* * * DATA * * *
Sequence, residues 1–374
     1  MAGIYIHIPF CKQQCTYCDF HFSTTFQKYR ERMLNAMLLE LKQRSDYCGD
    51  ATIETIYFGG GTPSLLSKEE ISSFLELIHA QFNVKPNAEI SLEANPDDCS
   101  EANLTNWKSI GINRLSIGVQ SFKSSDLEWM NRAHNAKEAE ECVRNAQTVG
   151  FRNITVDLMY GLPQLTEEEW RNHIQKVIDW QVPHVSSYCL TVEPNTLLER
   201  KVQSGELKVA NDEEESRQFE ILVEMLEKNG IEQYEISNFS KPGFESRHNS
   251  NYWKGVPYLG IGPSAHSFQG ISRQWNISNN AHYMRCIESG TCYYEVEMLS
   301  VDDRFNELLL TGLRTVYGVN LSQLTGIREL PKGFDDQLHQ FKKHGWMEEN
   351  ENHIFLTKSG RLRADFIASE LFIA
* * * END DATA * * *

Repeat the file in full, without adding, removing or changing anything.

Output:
Sequence, residues 1–374
     1  MAGIYIHIPF CKQQCTYCDF HFSTTFQKYR ERMLNAMLLE LKQRSDYCGD
    51  ATIETIYFGG GTPSLLSKEE ISSFLELIHA QFNVKPNAEI SLEANPDDCS
   101  EANLTNWKSI GINRLSIGVQ SFKSSDLEWM NRAHNAKEAE ECVRNAQTVG
   151  FRNITVDLMY GLPQLTEEEW RNHIQKVIDW QVPHVSSYCL TVEPNTLLER
   201  KVQSGELKVA NDEEESRQFE ILVEMLEKNG IEQYEISNFS KPGFESRHNS
   251  NYWKGVPYLG IGPSAHSFQG ISRQWNISNN AHYMRCIESG TCYYEVEMLS
   301  VDDRFNELLL TGLRTVYGVN LSQLTGIREL PKGFDDQLHQ FKKHGWMEEN
   351  ENHIFLTKSG RLRADFIASE LFIA